You may not be a professional carer, it doesn’t mean you don’t look after people. Good managers look after their team, just like parents look after their family. So, who looks after you?
Often the answer is you – you need to look after you, especially if you are responsible for looking after other people. Because let’s face it if you don’t look after you, it isn’t just you that suffers, it is those who you look after that will also suffer.
So how can you look after you? What should you be doing? You are the person who knows the answer, because you know what you need, enjoy and value. If you are struggling at this point, maybe think about what you don’t like, enjoy or value – thinking about what we don’t want or need can often help us realise what we do need.
You need to make sure you have sometime for you – just you. This can be a simple thing like taking your coffee outside, sitting under a tree listening to the birds and enjoying the natural surroundings. It could be going for a run or a swim. It could be safeguarding time to watch your favourite TV programme or cooking your favourite meal. Whatever it is it needs to resonate with you and be right for you. Your time should be something you look forward to, cherish and enjoy.
Life is busy, so start small. Yes, you might need a holiday or a whole day doing ‘nothing’. Great if you are able to do this, however if not start with just a little bit of time for you and build on it. Often the reason people don’t achieve their goals is because they are too big. So, start with small steps, value your achievements and build on them. Build your time into your daily and weekly routine, the more you do it the easier it will be and the more rewarded you will feel. Overtime it will become a positive habit.
When someone asks you how are you? How do you respond? Most people automatically reply – “all good” or “fine” – even when they are not. Start with being honest – if you are not okay then say so. This acknowledgement then gives you the opportunity to consider what it is that is causing you to not be “good” or “great” and to think about how you could improve things. Thinking about what you could do is the first step to making it happen, yes you still need to take action, however having thought about it you are better placed to make sure what you do is right for you. Make sure it is what you want and not what you think other people expect or would like you to do. For you to be healthy you need to live your life for you on your terms, not try and live a life designed for you by others.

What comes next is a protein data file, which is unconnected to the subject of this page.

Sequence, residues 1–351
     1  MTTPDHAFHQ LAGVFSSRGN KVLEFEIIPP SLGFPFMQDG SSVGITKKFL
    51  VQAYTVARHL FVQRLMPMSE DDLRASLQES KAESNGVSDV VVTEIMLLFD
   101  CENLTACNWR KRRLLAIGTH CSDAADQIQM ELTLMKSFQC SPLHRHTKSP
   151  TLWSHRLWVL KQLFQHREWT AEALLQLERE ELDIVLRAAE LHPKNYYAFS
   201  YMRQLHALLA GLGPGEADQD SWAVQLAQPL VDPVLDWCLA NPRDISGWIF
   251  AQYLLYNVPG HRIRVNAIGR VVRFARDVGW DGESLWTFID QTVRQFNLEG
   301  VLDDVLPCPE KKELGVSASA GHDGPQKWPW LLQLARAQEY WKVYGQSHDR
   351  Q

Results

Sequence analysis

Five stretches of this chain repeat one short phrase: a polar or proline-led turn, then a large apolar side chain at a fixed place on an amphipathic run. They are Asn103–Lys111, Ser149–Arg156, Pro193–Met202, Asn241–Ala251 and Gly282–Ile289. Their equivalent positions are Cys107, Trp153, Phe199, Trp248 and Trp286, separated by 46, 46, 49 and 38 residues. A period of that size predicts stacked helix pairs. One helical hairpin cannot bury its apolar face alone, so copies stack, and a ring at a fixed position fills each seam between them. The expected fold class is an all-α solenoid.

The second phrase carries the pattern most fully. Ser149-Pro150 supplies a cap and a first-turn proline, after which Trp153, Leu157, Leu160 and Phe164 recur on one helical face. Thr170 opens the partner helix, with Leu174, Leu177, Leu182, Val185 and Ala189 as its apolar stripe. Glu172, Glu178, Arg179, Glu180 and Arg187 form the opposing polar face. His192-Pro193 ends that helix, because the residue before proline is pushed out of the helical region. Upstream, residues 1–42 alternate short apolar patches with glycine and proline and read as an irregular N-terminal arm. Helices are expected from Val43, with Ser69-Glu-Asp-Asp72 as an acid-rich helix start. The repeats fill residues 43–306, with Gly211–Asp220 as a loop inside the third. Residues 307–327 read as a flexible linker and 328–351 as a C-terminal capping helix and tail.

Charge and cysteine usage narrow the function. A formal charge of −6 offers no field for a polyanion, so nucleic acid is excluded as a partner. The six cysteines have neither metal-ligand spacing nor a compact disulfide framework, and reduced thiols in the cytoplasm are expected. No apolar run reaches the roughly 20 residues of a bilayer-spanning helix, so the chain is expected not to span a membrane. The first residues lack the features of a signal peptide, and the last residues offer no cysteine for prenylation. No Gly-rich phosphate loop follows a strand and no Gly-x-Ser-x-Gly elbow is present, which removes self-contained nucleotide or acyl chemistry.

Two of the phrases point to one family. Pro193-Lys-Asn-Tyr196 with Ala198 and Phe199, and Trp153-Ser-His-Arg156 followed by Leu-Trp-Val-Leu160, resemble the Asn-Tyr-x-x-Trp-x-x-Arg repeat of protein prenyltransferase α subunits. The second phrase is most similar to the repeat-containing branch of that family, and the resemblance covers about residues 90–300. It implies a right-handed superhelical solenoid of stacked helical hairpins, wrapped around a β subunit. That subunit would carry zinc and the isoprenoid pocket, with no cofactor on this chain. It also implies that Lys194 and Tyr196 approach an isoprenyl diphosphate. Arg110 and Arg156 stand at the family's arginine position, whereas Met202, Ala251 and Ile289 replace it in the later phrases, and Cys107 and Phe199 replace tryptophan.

Being well is so much more than physical. Too many people associate being “well” or “healthy” or “fit” with being physically toned. Physical fitness is important, but our mental health and social health is equally important. Taking timeout to reflect, to focus on us, training our brains, thinking positively, meditating – or whatever works for you to keep your mind healthy is critical to your overall health. A positive mindset leads to a healthy you.
Social fitness is also important. What I mean by this is the right support network, friends, colleagues, champions. If the influence around you is negative. If your friends berate you, put you down, disrespect you and don’t support you then you will find it hard to perform to your best and your health is likely to suffer as a result. Often it is family and close friends that hold expectations of us that we feel we have to live up to. We are in control of ourselves and no one else. If we can let go of the expectations of others, we will be far healthier and be free to follow our own dreams and aspirations.
So yes, go to the gym, go for a walk or a swim, but also consider your mental and social health when thinking about your overall health and happiness. It is up to us to look after ourselves. This way we are in control and able look after those around us and support them to reach their full potential, while living a happy and fulfilling life.